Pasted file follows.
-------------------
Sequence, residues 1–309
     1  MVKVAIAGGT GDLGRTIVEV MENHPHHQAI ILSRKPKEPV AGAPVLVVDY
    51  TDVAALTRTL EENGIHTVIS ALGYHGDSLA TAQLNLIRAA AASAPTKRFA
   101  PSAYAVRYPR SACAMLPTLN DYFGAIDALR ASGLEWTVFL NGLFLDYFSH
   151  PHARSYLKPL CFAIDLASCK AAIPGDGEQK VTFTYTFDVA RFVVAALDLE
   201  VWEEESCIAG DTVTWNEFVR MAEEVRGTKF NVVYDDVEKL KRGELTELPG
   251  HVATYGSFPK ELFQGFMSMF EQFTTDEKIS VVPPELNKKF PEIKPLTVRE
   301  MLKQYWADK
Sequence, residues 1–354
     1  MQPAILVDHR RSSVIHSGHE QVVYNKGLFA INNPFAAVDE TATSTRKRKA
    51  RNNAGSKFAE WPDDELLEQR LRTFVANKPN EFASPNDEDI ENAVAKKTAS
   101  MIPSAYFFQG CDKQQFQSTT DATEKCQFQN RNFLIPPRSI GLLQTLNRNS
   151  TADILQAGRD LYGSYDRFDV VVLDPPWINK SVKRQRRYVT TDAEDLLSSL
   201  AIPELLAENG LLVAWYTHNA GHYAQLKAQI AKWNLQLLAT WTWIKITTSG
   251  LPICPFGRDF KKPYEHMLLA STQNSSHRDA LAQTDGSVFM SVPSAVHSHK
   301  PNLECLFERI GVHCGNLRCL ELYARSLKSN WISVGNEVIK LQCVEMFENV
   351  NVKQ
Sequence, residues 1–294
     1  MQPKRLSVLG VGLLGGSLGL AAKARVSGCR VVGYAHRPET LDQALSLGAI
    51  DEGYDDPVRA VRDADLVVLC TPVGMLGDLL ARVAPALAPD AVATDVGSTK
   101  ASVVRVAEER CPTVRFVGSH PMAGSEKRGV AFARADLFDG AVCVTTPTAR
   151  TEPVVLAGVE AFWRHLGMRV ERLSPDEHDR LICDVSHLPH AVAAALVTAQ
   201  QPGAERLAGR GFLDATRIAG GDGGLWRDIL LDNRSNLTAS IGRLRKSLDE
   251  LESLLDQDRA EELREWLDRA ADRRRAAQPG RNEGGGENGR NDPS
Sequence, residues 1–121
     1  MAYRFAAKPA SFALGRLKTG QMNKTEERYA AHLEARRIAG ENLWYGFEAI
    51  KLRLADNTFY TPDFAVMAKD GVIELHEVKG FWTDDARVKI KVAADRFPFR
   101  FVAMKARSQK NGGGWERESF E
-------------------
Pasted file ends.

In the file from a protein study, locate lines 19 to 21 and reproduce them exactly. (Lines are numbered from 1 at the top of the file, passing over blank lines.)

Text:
     1  MQPKRLSVLG VGLLGGSLGL AAKARVSGCR VVGYAHRPET LDQALSLGAI
    51  DEGYDDPVRA VRDADLVVLC TPVGMLGDLL ARVAPALAPD AVATDVGSTK
   101  ASVVRVAEER CPTVRFVGSH PMAGSEKRGV AFARADLFDG AVCVTTPTAR